Pōhutukawa trees are recognised as the New Zealand Christmas Tree, which is due to their spectacular display of crimson flowers over summer. They are often used to help stabilise banks or coastal land in the North Island.
In Maori mythology, the red colouring of the flowers symbolises the blood of the warrior Tāwhaki. Seeking help to avenge his father's death, he fell to earth while searching for heaven. It is tradition to plant pōhutukawa as a living memorial to the dead.
The trees give life to the kaka, tui, silvereyes and bellbirds who particularly love to feed on the nectar. They also make nests in the hollow branches.
Pōhutukawa can grow up to 12 metres in height, and 8 metres in width, so ensure you have adequate space before planting! They are often used to help stabilise banks or coastal land in the North Island. If they receive full sun in well-draining soil, they should thrive. They love to be near the sea, so it is a bonus if you are coastal.
There are different varieties and colours available, which have different growth habits. The 'Maori Princess' variety, for example, has compact, upright growth with red flowers. The yellow pōhutukawa (Metrosideros excelsa Aurea) has a short trunk with wide-spread branches and yellow flowers.
Magnolias are one of the most striking feature trees with their beautiful early flowering tendencies. Their blooms are exceptional, with large soft petals that can range from pink to wine, to purple and red.
Caring for your Magnolia is not difficult., however before planting make sure you choose a permanent location, as they do not like to be transplanted. They like the soil to be acidic, so simply feed with an acidic fertiliser in the spring.
Birds will love to visit your tree frequently. The carnivorous birds, such as the pīwakawaka feed on the insects and bugs that hide amongst the bark. The flowers produce a fragrance to attract the insects. They are also a delicious source of pollen and nectar, with the flower buds particularly favoured by the kererū.
Prunus Campanulata (Sterile)
Prunus, native to North America, is known as the tui tree here in Auckland. With one of these in your garden, you are guaranteed to see tui's here feeding on the stunning red-pink blossoms.
It is important to note that there are invasive varieties of prunus that you are unable to plant. This is because they produce a large amount of seeds in the form of delicious cherries that are loved by the birds. The birds scatter the seeds all over, which results in the vast spread and threat to our native species. Sterile varieties, such as 'Pink Cloud' and 'Mimosa' do not set seed, therefore it will not spread. However, the tui still get to enjoy the beautiful blossoms and our gardens can be brightened with a touch of pink.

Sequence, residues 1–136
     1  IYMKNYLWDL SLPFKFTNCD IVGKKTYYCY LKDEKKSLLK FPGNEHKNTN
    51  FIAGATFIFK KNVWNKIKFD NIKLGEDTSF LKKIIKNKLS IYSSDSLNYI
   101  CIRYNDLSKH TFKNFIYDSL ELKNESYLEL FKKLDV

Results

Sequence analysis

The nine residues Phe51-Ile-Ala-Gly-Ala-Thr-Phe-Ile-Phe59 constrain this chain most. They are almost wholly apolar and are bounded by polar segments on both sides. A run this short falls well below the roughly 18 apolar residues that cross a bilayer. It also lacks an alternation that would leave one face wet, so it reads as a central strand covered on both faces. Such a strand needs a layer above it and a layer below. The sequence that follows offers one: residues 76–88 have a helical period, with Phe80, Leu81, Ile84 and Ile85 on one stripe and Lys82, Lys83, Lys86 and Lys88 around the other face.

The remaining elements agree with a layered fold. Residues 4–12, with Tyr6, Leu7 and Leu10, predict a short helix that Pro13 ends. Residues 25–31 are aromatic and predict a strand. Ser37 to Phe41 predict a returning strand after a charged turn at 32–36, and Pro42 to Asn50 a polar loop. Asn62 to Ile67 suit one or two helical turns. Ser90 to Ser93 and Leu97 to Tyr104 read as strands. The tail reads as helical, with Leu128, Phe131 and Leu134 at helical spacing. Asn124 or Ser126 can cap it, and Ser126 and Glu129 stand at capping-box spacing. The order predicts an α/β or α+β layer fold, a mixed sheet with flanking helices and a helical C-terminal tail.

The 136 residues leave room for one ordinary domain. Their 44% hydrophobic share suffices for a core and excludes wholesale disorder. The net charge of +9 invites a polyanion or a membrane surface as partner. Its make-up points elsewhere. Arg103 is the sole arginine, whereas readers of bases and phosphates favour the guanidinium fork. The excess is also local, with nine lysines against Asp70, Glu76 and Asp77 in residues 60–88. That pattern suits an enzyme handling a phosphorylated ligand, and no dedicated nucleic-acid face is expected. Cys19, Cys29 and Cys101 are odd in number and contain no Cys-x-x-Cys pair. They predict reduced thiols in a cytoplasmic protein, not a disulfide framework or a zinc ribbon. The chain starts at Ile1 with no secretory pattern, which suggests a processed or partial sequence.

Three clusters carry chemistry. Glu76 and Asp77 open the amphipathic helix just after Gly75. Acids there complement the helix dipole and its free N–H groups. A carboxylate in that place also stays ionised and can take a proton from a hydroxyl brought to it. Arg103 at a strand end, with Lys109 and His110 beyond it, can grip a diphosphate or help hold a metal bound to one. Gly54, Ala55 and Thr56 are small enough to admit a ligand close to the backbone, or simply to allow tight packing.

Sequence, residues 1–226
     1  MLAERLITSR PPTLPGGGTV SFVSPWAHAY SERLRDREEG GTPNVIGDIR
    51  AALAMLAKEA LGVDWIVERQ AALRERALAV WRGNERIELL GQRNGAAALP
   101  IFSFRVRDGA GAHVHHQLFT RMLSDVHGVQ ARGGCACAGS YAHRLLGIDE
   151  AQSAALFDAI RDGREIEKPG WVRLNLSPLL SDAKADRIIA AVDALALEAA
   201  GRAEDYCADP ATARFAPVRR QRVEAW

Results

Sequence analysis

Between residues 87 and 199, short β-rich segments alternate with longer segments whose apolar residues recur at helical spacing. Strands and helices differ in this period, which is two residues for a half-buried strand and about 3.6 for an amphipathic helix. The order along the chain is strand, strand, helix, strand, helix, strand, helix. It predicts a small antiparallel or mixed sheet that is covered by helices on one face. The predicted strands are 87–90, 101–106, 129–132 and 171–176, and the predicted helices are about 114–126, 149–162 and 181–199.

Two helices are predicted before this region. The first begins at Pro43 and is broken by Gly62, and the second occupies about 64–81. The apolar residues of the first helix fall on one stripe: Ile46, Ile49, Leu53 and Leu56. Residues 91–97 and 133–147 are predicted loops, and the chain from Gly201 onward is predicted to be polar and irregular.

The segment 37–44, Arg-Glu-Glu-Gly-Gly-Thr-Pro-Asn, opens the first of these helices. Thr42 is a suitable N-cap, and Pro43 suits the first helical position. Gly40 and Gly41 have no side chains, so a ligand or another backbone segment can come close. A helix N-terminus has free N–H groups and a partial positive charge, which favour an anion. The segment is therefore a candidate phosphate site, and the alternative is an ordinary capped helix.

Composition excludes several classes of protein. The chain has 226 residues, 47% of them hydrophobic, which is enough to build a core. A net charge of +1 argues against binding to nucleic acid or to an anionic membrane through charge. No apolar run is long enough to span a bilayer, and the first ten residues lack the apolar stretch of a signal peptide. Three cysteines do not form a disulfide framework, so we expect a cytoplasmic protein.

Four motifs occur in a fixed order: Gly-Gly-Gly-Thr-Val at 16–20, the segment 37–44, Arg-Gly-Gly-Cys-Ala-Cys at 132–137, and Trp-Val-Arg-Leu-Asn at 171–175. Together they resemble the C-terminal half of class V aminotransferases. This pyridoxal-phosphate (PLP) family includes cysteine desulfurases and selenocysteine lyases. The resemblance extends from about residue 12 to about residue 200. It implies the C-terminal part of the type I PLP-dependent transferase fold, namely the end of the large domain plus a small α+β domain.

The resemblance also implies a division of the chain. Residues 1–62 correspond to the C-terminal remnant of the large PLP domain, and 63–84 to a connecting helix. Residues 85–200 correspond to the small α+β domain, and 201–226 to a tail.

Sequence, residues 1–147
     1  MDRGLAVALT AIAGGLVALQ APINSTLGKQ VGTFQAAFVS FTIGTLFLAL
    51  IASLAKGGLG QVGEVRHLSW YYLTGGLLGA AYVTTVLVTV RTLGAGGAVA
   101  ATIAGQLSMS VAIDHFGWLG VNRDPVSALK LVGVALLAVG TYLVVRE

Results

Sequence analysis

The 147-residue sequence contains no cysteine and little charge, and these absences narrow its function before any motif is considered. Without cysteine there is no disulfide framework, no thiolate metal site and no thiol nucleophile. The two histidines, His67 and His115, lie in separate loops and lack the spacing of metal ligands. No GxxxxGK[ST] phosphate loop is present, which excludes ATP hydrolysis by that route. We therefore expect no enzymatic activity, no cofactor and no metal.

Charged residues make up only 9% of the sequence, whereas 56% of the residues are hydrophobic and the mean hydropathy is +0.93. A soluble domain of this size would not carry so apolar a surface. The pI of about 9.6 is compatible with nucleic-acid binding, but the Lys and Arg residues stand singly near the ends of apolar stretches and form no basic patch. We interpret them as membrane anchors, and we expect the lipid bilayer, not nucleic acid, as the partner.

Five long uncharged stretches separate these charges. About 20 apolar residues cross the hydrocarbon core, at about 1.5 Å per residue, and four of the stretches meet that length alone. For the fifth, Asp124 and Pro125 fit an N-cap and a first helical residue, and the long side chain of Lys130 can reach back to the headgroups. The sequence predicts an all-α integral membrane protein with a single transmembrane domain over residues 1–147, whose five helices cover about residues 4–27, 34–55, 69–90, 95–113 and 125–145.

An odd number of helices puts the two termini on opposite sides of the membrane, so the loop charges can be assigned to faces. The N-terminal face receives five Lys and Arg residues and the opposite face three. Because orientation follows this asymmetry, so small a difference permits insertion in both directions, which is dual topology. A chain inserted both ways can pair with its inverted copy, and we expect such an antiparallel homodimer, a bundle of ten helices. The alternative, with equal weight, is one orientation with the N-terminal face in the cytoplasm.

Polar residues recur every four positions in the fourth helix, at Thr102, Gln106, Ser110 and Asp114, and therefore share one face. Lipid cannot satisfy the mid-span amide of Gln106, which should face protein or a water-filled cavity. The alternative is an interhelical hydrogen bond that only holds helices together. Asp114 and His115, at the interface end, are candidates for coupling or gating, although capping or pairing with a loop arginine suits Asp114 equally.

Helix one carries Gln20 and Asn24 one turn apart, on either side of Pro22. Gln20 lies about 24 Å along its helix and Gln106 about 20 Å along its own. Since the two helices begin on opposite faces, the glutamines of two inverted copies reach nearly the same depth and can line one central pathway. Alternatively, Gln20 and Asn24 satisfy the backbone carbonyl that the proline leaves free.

Camelia, native to Southeastern Asia, provides a source of nectar for birds over winter, autumn and spring. Their flowers, often fragrant, are soft and sweet, forming the perfect rose-like blossoms. Bellbirds and tui particularly love to drink the nectar, which is a vital food source when it lessens over the cooler months.
Camelia can be grown as feature trees, hedges, standards, or topiary. Plant Camelia in part sun, protected from harsh afternoon sun, in well-draining soil and feed with an acidic fertiliser in spring.
The flowers range in shape and colour, with different shades of pink, red and white.
Irish Strawberry Tree (Arbutus unedo)
The Irish Strawberry Tree is a spectacular specimen tree, bearing its bright red fruit in autumn. The fruit, whilst admired by the human eye, is an irresistible treat to the birds.
Their other notable features include creamy white flowers which form in autumn. Followed by the flowers, the fruit appears. It is first green, then slowly ripens to red over a period of 12 months.
These trees can grow up to 4 metres and will grow into an upright compact shape. They like sun and well-draining soil and can tolerate coastal conditions.
The fruit is edible, however, the ripening phase is long and it is not as tasty as it looks. The birds enjoy them more than us, so it is a fruit that you can happily sacrifice! Tui's, bellbirds and waxeyes will fill the foliage, singing sweet chirps of thank you while they satisfy their bellies!
We hope that with our 10 of The Best Bird-Attracting Trees, you will be able to confidently select a beautiful tree that is suited to you and the birds in your garden. Remember that climate, location, and environment are all important factors in determining the health and success of your chosen tree.
If you would love some assistance with designing a beautiful bird-friendly garden, please do not hesitate to get in touch.